Sunday, 3 August 2014

The Importance of Perspective.

Perspective is an odd thing. I can't quite get my head around the fact that every person has a different outlook on life: all tied loosely together by a vaguely similar view. Our individual outlook on life is shaped and moulded by our experiences: past and present, but innately emitting a sense of self confidence. There are hundreds of possibilities, but somewhere, tucked away under folds of flesh and emotion lies the reason behind our chosen course of perspective. The reason why we settled on viewing life under that particular filter.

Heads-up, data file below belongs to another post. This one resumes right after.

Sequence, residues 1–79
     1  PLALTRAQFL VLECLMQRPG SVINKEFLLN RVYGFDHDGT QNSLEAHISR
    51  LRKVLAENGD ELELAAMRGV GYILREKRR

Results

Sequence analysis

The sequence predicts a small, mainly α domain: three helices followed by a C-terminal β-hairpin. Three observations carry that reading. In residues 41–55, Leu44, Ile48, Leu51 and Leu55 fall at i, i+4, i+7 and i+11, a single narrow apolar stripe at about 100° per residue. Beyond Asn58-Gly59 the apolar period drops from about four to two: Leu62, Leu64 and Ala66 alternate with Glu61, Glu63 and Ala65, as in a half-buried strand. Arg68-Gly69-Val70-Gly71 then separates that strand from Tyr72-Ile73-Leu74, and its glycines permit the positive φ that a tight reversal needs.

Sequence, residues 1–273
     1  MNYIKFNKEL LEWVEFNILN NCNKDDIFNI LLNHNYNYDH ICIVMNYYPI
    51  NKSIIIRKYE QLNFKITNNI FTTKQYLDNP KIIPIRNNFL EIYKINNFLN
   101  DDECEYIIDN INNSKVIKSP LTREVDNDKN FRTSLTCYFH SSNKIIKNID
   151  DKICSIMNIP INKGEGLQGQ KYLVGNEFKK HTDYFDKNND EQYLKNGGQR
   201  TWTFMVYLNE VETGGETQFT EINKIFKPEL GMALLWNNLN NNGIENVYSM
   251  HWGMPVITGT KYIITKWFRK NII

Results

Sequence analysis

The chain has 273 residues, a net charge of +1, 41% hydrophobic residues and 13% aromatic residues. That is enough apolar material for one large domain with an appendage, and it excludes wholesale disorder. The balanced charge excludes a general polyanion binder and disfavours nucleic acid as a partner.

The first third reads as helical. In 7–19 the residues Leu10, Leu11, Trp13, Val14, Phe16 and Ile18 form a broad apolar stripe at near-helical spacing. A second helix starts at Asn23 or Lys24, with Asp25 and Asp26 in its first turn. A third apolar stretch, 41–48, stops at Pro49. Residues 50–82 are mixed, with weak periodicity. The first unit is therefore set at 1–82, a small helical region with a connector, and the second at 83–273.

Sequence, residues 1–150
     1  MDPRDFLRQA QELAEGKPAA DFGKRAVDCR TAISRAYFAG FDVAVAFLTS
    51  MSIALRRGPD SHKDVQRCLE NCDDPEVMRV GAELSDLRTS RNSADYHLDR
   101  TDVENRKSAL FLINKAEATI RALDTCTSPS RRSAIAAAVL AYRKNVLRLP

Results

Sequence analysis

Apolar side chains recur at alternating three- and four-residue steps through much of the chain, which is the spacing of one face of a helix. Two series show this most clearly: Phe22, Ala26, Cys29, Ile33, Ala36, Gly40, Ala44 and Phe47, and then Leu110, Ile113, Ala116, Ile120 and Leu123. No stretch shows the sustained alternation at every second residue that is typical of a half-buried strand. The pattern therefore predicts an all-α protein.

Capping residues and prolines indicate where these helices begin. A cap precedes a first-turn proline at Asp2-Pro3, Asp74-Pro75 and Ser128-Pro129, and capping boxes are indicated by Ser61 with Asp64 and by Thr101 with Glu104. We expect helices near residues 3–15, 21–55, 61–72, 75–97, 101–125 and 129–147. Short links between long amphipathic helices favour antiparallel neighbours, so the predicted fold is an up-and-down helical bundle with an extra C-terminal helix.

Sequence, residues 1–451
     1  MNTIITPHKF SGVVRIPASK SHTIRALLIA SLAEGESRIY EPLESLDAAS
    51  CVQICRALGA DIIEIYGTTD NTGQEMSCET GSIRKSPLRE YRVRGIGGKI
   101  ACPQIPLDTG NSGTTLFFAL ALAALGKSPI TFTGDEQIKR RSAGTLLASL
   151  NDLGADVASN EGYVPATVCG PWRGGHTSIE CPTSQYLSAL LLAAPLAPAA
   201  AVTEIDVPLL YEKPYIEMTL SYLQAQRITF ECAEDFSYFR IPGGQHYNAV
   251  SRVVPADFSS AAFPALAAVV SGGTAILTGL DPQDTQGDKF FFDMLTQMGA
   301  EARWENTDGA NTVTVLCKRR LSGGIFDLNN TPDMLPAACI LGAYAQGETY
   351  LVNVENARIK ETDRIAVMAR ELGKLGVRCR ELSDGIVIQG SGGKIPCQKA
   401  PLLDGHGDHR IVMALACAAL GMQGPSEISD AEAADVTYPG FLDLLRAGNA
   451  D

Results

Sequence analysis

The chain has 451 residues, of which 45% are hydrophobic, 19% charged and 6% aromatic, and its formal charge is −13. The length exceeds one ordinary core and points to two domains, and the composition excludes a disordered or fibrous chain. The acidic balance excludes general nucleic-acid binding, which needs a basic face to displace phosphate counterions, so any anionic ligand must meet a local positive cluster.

Friedrich Nietzche, a German philosopher of the late 19th century who challenged the ideas surrounding traditional morality once said that, “There are no facts, only interpretations.”. The world, quite simply, is exactly what we want it to be.

When people look out of a window, they choose what they want to see. They choose to see the nice things: children playing or families laughing over a shared joke. But they filter out the unhappy images: the poor homeless man sitting on the kerb, the lonely teenager wandering around. I like to think of the window analogy as an extended metaphor for the generalised actions of humanity.

When you look at things, you constantly filter out the bad and focus on the positives, because you do not want your thoughts to be tainted with negative images. It all swings in roundabouts back to the "If you don't like it, don't look" attitude infiltrating society these days.